My planting schedule says I should be plowing by now. But the ground (when I can see it between snowstorms) has barely thawed out, let alone dried out enough to think about driving a tractor over it. Is it really wise to begin planting tomato seeds soon?
It is always a leap of faith to start up the greenhouse in the snowy tundra that is Mud Creek Farm for half the year. I scrape the snow out of the way of the greenhouse doors, maybe dislodge the ice with a heavy shovel, check that we have some gas in the propane tanks, and light the pilot light on the heater. A plastic curtain is hung so that we don't have to heat the entire greenhouse for the first few weeks, just three tables. I turn on the water to the hose, and take a deep breath as another growing season begins.
In protest of the sleet, snow, slush, ice, freezing rain, grey days, wintry mix, I decide I will wear a dress every day this week. If it doesn't help the sun come out, maybe it will help my willpower.
Volunteers help motivate me too, help me believe that what I'm doing is not in fact crazy.
I am always amazed at the spirit of dedication that folks bring out to the farm with them when they offer to lend a hand, at whatever needs doing around the farm. We are all in this together.
The seeds we shake into the trays are so tiny, that the room becomes hushed, as people are concentrating so hard that they can't even afford to make small talk. It is a quiet zen moment, as we all put our effort and our faith in these little brown seeds that blend in quite inconveniently with the potting soil mix.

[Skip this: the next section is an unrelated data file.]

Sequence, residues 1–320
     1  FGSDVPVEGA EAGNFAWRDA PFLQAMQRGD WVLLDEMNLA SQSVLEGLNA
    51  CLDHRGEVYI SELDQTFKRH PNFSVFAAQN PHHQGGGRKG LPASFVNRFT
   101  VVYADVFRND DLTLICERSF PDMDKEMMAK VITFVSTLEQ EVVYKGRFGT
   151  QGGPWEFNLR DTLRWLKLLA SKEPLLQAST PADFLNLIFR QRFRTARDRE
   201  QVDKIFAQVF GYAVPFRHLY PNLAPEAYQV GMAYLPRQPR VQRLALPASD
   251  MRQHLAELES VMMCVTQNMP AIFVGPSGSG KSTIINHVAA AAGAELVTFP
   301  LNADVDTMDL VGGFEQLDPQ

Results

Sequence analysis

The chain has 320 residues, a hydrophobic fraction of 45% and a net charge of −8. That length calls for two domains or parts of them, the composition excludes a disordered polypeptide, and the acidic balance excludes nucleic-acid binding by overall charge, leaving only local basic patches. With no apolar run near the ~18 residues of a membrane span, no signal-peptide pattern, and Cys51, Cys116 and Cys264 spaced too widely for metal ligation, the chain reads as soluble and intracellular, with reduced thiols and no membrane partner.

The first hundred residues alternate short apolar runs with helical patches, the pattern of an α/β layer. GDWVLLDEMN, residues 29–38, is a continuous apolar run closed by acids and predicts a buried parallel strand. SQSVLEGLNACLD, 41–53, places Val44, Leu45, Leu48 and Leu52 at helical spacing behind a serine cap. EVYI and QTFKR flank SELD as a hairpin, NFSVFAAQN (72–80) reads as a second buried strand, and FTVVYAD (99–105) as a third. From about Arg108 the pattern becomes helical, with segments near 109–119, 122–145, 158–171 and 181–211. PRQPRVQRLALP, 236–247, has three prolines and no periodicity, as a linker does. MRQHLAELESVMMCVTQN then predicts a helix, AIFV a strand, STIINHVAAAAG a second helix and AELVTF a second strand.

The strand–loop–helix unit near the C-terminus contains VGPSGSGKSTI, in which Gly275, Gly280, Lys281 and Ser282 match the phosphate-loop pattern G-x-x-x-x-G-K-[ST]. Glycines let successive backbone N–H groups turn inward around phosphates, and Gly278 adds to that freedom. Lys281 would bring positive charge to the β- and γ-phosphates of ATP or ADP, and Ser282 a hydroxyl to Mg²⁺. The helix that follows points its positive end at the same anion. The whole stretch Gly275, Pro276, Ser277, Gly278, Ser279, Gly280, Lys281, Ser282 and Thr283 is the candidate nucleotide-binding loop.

At least it's warm in the greenhouse-- it felt really good to remove layers in the near-80-degree temperatures. A sneak-preview of the summer. Memories of sweaty July days seem so far away right now though.
As I watered in all the tables of trays that we filled with soil, seeds, and intention, the scent of moist warm earth somehow awakened something in me. Brought me out of hibernation, like a cup of strong coffee. Before we know it, all this hope and potential will be exploding in eager green growth -- robust transplants ready to go into the fields, throw their roots in the ground, raise tall round leaves to the sky. Then, when the time is right we will harvest, ripe and juicy, what we've sown.
May we cultivate the patience and bravery that spring from faith in tiny seeds.